Xavier Cortada, “Native Flags: North Pole,” 2008.
DEERING SPRING CONTEMPORARY “PLATFORM 450”
An international symposium and curated exhibit focused on the intersection of science and art.
Exhibit & Special Event on Saturday, April 22, 2017
3:30 pm -10:00 pm; Free and open to the public
Exhibit on display from April 9 – June 26, 2017
5 Actions to Stop Rising Seas was created by Xavier Cortada during April-May 2015 during an artist residency at the Rising Seas Confab 2015, Rauschenberg Studio, Captiva, Florida. In this performance, Cortada comments with irony on the weak to non-existent actions being taken to address both the causes and the imminent realities of climate disruption in a State clearly at the epicenter of potential disaster—one which has been caused by inadequate action globally on soaring levels of greenhouse gases related to human activity.
Cortada has long been involved in art that intervenes in, and/or comments upon environmental problems. He has created environmental installations (North Pole and South Pole) and direct-impact ecological art projects, in Florida, around the US, and internationally, (Taiwan, Hawaii and Holland).
Xavier Cortada is Florida-educated and has lived in Miami since he was three. He is currently Artist-in-Residence at FIU School of Environment, Arts and Society | College of Arts, Science & Education and the College of Communication, Architecture + the Arts. (https://cortada.com)
ABOUT DEERING ESTATE:
The Deering Estate offers complimentary exhibit evenings, highlighting a variety of contemporary, historic, and visiting exhibitions inside the historic homes. Exhibit Evenings are free of charge and offer the public a chance to interact with artists and curators and to experience a variety of exhibit tours and talks. Exhibit Evenings are held from 7:00 pm to 9:00 pm, unless otherwise noted. Exhibit on view daily, 10:00 am – 4:00 pm; Free with Estate Admission.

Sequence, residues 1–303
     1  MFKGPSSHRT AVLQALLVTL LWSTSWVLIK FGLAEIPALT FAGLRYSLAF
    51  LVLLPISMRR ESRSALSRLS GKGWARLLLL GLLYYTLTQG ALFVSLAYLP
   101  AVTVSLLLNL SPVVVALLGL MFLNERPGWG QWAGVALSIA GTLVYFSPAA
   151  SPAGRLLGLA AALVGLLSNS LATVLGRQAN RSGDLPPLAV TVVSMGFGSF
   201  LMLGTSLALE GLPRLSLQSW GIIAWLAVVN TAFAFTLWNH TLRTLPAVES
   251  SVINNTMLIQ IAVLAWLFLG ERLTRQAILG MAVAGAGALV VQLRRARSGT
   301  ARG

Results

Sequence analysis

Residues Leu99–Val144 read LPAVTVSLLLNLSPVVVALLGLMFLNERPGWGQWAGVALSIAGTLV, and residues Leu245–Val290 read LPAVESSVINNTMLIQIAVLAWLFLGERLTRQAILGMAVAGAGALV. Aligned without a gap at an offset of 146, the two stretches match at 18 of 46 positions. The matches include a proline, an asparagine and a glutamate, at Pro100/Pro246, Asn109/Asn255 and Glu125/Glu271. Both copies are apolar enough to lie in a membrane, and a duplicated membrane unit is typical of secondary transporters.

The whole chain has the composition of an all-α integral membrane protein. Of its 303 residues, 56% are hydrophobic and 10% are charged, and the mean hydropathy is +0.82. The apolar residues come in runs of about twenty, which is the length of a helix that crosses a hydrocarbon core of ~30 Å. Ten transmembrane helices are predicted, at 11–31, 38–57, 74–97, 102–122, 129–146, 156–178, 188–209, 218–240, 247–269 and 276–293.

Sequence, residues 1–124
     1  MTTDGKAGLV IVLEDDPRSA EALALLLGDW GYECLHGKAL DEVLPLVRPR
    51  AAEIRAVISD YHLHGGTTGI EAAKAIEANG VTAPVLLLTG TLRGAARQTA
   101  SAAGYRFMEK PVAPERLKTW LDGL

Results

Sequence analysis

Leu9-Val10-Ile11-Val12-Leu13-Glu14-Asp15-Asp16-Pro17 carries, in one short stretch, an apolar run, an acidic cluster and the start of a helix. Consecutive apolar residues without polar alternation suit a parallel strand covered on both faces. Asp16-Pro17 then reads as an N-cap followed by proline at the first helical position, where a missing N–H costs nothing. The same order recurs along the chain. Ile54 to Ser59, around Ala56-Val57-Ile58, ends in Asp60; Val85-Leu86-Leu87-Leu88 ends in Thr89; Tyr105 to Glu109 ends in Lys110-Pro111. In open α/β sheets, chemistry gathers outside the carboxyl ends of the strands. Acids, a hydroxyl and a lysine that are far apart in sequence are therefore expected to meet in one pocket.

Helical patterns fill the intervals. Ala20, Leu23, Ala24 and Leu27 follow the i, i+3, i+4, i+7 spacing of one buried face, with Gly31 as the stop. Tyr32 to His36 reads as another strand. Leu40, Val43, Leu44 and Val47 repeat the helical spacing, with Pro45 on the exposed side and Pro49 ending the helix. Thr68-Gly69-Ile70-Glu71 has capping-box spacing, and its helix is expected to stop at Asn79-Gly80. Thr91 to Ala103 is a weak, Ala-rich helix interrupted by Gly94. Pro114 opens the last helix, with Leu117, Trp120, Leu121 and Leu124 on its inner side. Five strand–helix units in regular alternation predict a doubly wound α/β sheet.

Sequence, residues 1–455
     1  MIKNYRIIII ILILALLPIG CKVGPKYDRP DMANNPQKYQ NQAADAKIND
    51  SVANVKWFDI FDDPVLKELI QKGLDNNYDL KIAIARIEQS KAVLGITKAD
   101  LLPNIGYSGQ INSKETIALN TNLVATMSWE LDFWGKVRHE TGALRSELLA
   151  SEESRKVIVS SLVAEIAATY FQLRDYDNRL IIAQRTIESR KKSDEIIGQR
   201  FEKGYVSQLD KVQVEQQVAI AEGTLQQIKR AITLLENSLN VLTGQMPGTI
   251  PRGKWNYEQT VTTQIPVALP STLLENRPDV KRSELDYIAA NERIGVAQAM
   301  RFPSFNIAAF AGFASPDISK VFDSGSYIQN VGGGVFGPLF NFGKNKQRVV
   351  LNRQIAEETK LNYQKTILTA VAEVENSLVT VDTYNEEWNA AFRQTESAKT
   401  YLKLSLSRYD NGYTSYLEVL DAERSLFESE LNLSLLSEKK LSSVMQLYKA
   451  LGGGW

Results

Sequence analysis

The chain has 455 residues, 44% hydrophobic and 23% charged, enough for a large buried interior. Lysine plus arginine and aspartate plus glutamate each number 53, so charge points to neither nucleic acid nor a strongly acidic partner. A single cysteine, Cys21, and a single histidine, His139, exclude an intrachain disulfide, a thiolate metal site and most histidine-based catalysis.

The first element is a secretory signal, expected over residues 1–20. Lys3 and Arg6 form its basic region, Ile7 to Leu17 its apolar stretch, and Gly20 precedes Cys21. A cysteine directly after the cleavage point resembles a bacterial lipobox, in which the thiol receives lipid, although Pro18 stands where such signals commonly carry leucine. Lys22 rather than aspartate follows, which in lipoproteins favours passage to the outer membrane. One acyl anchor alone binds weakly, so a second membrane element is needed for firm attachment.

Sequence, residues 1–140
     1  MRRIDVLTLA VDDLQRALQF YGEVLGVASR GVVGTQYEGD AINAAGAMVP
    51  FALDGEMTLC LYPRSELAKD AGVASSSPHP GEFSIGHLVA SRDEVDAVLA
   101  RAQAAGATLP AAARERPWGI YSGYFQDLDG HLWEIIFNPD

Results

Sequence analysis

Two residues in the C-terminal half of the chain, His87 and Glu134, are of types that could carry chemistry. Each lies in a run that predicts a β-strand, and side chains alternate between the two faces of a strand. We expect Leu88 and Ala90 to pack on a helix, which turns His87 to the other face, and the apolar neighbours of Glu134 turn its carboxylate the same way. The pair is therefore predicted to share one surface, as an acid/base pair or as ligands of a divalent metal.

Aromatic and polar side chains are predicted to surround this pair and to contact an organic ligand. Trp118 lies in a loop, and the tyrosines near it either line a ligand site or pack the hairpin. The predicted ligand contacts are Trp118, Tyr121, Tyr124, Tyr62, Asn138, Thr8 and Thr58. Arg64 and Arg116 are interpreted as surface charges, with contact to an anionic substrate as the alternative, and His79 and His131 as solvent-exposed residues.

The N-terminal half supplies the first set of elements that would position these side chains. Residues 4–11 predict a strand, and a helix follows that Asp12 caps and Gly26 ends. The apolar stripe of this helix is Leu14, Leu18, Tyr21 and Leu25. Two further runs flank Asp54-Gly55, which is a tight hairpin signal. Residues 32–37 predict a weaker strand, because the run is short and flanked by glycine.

By Ivan Lopez
The U.S. Army Corps of Engineers predicts sea levels in South Florida will rise from three to seven inches by the year 2030 and from nine to 24 inches by the year 2060. A rise of that magnitude would put close to 30 percent of South Florida underwater, completely transforming our city in ways we cannot fully comprehend.
FIU’s College of Communication, Architecture + The Arts (CARTA) is bringing together dozens of faculty members and students from many different disciplines – theatre, dance, music, journalism, architecture, environmental science – to produce A Sea Change: a Multi-Disciplinary Collaboration in Response to a Global Threat. The 90 minute program will feature a lot of important research and facts presented in creative and impactful ways.
Phillip M. Church, associate professor of theatre, conceived and directed the evening. Church has spent much of his professional career creating art and theatre that speaks to important social issues.